Mathematical proofs fall into various categories. Each of these can be considered an approach to a proof, or a tool that can be employed in pursuit of a proof. Many theorems can be prooved in different ways using different techniques. For example, the classic theorm of Pythagoras is said to have at least 370 known distinct proofs.

Proof by Deduction

A proof by deduction is a technique in which the succession of true statements is achieved via deductive reasoning. We proceed from statement A to statement B via an implication inferred from the assumed truth of A conjoined with other known truths (definitions, axioms and theorems).

The direction of the implication of truth between two statements must be carefully considered. For two related statements A and B we can have.

A if B

  • “B is true” implies that “A is true” (B => A)
  • “A is false” implies that “B is false” (!A => !B)
  • This is the same as B only if A

A only if B

  • “B is false” implies that “A is false” (!B => !A)
  • “A is true” implies that “B is true” (A => B)
  • This is the same as B if A

A if and only if B

  • “A is true” implies that “B is true” (A => B)
  • “A is false” implies that “B is false” (!A => !B)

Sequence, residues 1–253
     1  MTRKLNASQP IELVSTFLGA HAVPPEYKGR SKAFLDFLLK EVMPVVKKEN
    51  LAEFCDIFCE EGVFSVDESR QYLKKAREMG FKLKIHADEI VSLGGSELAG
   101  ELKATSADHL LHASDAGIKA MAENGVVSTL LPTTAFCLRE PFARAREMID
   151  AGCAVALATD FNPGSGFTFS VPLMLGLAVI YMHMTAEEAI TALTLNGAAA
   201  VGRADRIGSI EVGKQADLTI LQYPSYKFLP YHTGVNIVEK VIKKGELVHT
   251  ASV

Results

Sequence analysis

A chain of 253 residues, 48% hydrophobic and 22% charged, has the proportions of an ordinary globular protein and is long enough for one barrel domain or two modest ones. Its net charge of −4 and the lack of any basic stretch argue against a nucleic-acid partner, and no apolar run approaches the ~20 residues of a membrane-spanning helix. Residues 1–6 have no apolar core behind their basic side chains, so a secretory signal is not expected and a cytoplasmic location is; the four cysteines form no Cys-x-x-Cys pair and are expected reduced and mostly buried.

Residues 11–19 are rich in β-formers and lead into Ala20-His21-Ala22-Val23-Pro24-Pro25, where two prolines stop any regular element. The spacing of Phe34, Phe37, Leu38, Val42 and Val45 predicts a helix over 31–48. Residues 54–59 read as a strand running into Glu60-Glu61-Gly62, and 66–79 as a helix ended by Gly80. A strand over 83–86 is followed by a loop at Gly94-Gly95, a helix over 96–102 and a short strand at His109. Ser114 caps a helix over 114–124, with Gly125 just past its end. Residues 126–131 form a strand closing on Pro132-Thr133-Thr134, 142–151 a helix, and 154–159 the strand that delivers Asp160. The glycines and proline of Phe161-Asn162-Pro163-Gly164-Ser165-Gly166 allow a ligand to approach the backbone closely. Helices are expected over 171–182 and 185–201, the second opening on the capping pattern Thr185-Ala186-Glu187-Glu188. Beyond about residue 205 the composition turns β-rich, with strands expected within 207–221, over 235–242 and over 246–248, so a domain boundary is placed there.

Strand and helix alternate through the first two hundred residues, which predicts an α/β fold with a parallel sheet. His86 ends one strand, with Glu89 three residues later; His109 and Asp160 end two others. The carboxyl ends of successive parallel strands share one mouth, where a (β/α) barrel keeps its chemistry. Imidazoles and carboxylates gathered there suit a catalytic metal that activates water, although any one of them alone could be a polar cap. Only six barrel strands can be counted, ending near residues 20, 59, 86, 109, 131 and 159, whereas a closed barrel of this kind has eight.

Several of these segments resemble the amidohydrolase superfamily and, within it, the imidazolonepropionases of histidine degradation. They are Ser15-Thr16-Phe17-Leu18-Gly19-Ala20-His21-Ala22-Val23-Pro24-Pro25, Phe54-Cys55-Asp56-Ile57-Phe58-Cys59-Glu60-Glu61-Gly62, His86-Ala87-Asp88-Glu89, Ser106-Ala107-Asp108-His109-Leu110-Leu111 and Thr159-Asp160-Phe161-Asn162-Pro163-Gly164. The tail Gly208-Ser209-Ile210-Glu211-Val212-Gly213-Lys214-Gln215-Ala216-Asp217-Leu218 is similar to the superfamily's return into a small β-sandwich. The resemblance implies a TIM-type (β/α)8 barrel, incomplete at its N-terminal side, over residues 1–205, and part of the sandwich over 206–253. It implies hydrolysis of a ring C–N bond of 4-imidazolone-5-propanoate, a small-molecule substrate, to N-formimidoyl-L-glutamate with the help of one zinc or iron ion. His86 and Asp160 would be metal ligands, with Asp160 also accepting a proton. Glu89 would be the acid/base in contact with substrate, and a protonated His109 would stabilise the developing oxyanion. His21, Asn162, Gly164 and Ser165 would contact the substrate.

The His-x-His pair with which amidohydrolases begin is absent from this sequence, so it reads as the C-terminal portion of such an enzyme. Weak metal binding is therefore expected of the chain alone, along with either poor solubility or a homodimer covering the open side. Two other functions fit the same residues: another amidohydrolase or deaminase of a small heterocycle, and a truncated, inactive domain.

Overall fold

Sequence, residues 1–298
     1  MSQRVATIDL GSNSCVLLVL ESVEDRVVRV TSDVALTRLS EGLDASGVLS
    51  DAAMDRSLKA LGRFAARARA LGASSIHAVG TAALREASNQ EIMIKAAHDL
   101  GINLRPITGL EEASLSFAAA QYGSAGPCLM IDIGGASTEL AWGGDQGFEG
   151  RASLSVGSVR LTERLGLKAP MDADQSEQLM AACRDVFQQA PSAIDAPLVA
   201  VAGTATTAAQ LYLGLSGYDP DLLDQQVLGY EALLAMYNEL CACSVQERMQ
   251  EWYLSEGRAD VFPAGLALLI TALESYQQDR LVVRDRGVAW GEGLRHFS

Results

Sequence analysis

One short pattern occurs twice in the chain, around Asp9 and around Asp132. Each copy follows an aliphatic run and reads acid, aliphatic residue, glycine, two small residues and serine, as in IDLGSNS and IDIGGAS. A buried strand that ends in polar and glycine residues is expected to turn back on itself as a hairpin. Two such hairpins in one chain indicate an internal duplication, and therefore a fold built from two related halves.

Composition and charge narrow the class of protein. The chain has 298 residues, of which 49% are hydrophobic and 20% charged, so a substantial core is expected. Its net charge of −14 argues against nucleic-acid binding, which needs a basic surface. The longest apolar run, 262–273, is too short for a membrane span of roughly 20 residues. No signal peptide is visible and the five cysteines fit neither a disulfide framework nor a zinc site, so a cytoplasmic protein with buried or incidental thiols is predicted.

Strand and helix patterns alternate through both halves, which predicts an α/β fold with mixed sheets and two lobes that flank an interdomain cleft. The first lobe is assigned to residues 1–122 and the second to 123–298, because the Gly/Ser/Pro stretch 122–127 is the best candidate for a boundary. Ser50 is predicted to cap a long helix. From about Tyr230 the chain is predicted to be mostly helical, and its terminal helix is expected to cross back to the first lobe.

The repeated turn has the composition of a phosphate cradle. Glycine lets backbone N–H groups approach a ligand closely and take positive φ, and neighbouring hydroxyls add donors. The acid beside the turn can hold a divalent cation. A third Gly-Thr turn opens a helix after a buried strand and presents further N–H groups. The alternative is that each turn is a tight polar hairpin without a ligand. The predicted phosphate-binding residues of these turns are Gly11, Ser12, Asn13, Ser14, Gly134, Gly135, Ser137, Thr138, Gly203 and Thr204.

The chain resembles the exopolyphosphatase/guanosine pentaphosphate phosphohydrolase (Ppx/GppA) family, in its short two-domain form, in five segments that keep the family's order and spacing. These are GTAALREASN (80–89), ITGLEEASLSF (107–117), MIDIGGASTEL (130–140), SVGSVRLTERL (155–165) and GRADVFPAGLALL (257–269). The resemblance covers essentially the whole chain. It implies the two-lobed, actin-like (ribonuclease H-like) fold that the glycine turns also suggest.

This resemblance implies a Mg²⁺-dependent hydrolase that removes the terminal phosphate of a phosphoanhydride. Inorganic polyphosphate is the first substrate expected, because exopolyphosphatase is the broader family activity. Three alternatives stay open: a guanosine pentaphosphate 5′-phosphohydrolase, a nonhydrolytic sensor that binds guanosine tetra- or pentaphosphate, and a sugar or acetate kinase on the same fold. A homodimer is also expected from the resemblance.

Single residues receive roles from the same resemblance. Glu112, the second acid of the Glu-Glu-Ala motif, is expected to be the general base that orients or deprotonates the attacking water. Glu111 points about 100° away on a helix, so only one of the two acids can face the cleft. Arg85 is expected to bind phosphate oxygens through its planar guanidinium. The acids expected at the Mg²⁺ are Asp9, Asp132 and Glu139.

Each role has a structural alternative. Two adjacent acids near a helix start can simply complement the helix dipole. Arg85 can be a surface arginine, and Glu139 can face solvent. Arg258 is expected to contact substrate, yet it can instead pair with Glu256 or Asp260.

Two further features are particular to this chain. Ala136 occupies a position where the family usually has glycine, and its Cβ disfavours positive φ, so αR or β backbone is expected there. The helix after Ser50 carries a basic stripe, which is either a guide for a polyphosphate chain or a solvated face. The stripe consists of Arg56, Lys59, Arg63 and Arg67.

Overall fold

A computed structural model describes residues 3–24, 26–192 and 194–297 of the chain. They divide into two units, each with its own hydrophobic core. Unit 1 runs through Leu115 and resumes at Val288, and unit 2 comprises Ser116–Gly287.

• “B is true” implies that “A is true” (B => A)
  • “B is false” implies that “A is false” (!B => !A)
  • The two statements are logically equivalent (A <=> B)

  • Example 1:*

  • Statement A: x > 10
  • Statement B: x > 5

B if A (equivalently A => B) but not A if B. B does not imply A. E.g. x = 6 satisfies B but not A.

Example 2:

  • Statement A: n is an even number
  • Statement B: n = 2k for some integer value k

A if and only if B (equivalently A <=> B)

Proof by induction

A proof by induction is just like an ordinary proof in which every step must be justified. However, it employs a neat trick which allows you to prove a proposition about an arbitrary positive integer n by first proving it is true when n = 1 and then assuming it is true for n = k and showing (via other deductive reasoning) that it is also true for n = k + 1. By doing this we can then say that since the proposition is true for n = 1 then it must also be true for n = 2 (since true for k implies true for k + 1); and since it’s true for n = 2 then it must also be true for n = 3 and so on and so forth ad infinitum. Thus the proposition must be true for all positive integer values of n.